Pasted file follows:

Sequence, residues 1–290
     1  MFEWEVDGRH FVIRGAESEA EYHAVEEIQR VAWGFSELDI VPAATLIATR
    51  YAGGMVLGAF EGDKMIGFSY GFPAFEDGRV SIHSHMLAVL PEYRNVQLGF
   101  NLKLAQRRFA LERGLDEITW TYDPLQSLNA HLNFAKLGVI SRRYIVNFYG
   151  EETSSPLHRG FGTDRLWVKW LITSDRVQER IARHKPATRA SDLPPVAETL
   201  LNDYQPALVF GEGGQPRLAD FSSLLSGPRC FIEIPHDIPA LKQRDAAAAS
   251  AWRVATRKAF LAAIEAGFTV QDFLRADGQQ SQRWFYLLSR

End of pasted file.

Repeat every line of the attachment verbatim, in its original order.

Sequence, residues 1–290
     1  MFEWEVDGRH FVIRGAESEA EYHAVEEIQR VAWGFSELDI VPAATLIATR
    51  YAGGMVLGAF EGDKMIGFSY GFPAFEDGRV SIHSHMLAVL PEYRNVQLGF
   101  NLKLAQRRFA LERGLDEITW TYDPLQSLNA HLNFAKLGVI SRRYIVNFYG
   151  EETSSPLHRG FGTDRLWVKW LITSDRVQER IARHKPATRA SDLPPVAETL
   201  LNDYQPALVF GEGGQPRLAD FSSLLSGPRC FIEIPHDIPA LKQRDAAAAS
   251  AWRVATRKAF LAAIEAGFTV QDFLRADGQQ SQRWFYLLSR